Emergencies often happen suddenly and can be devastating to programs and communities. Emergency preparedness is the process of taking steps to ensure your early childhood education program is safe before, during, and after an emergency. Whether a natural disaster such as a tornado hits or a man-made emergency such as the appearance of a violent intruder occurs, early childhood educators need to know how to respond quickly and appropriately to situations that could happen in their program, center, or home. The purpose of this manual is to help child care providers and Head Start staff create an emergency preparedness plan specific to their program, center, or home.
Early childhood education programs play an important role in supporting children and families in their local communities before, during, and after an emergency through three phases of emergency management:
- Preparedness—Takes place before an emergency. It includes being informed about any likely emergencies in your area; mitigating any existing concerns at your facility that could make an emergency worse; making plans to respond to emergencies before they happen; and building, maintaining, and updating supply kits you will take or keep with you during an emergency.
- Response—Begins the moment you are alerted to an impending emergency and continues as the emergency occurs.
- Recovery—Happens as soon as the emergency is over, when efforts are focused on food, water, shelter, safety, and the emotional needs of those affected. Recovery is also the process of rebuilding your program and returning to normalcy after an emergency, which is why it can last hours, weeks, months, or even years in the most extreme cases.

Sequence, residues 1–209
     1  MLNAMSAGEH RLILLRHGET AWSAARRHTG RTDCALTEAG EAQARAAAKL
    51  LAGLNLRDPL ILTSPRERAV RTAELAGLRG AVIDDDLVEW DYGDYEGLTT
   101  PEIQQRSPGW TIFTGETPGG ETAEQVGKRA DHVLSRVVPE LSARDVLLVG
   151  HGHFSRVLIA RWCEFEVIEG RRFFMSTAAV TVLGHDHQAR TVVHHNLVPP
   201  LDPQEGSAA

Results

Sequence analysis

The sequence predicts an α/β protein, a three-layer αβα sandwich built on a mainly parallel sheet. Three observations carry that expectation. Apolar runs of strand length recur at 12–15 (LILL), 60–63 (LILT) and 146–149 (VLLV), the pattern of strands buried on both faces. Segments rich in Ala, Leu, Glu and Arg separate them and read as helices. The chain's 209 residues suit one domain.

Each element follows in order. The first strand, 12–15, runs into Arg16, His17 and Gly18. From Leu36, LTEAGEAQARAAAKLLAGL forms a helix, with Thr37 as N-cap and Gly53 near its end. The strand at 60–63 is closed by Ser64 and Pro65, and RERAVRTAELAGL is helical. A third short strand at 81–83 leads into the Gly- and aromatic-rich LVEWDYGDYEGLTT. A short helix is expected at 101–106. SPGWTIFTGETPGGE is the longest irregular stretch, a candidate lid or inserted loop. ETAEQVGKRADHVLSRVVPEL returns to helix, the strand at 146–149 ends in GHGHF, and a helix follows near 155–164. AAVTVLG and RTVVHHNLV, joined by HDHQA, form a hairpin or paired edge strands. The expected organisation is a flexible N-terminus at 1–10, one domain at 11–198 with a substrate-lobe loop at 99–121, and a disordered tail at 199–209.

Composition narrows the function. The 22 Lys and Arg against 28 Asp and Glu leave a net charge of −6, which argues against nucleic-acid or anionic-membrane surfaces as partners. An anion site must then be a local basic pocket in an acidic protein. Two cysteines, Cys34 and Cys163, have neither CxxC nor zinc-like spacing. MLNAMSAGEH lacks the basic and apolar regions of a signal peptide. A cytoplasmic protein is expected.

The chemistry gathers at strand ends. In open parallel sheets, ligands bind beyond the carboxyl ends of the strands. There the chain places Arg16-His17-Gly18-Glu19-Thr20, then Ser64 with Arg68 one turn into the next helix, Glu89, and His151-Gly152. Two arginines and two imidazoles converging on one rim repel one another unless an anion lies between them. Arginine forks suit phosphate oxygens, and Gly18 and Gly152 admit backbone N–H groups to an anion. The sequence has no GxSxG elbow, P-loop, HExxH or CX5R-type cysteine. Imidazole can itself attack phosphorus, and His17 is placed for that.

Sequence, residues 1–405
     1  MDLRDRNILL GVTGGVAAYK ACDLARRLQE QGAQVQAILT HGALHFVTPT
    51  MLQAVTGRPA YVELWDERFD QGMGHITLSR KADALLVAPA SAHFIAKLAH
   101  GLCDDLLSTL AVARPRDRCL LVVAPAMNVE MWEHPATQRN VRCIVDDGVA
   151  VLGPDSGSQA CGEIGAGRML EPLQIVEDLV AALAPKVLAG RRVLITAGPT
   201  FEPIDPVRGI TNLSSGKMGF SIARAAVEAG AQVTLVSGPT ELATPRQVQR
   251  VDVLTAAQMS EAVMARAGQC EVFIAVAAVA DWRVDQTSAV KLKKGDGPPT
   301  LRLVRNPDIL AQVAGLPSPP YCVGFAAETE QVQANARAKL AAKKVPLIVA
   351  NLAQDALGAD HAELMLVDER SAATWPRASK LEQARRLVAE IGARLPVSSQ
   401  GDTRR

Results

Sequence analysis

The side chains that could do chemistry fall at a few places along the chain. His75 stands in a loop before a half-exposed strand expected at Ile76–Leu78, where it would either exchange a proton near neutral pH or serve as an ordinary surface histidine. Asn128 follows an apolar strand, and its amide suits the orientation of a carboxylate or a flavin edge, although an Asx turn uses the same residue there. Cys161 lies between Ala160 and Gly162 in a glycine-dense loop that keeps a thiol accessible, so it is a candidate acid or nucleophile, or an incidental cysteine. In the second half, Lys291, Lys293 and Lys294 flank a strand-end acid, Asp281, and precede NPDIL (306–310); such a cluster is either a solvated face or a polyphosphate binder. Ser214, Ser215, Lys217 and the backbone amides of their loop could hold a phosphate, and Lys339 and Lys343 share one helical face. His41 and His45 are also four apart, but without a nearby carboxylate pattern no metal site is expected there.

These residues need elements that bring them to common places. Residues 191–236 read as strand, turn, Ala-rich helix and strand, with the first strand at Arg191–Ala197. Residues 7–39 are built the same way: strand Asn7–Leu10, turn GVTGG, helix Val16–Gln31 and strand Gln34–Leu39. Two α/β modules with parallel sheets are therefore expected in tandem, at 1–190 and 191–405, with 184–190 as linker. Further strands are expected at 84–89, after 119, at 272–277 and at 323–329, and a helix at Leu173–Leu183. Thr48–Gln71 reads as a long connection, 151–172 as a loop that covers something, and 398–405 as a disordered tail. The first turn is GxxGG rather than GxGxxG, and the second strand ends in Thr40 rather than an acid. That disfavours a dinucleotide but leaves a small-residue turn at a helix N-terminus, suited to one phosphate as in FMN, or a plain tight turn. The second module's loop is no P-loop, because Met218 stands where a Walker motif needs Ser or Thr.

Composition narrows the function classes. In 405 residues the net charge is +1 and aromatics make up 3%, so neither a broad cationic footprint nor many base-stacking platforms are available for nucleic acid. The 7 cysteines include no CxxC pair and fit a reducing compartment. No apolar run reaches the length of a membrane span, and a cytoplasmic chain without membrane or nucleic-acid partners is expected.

This manual will guide you through creating an emergency response and initial recovery plan for your program, center, or home.
Head Start Program Performance Standards (HSPPS) (§1302.47.b.4.ii) require emergency preparedness and response activities for all Head Start programs. https://eclkc.ohs.acf.hhs.gov/policy/45-cfr-chap-xiii/1302-47-safety-practices
The Child Care and Development Block Grant (CCDBG) Act of 2014 requires both center-based and family child care providers to prepare written plans for responding to emergency situations or natural disasters. http://usa.childcareaware.org/wp-content/uploads/2015/10/CCDBG-Moving-Forward-Disaster-Preparedness-S.10861.pdf
While emergency preparedness requirements for providers will vary based on state laws, this manual will help you incorporate national recommendations and best practices to keep children and adults safe during emergencies. https://childcareta.acf.hhs.gov/sites/default/files/public/state_regulatory_requirements_for_emergency_ preparedness_planning_final.pdf
Three reasons to prepare:
- Emergencies, large and small, can occur in every community, even yours.
- Head Start Program Performance Standards (45 CFR 1302.47[b]) require all providers to prepare written plans for responding to emergency situations or natural disasters.
- Emergency preparedness saves lives! Your emergency preparedness helps children and families.
Resource Type: Article
National Centers: Early Childhood Health and Wellness
Last Updated: January 2, 2020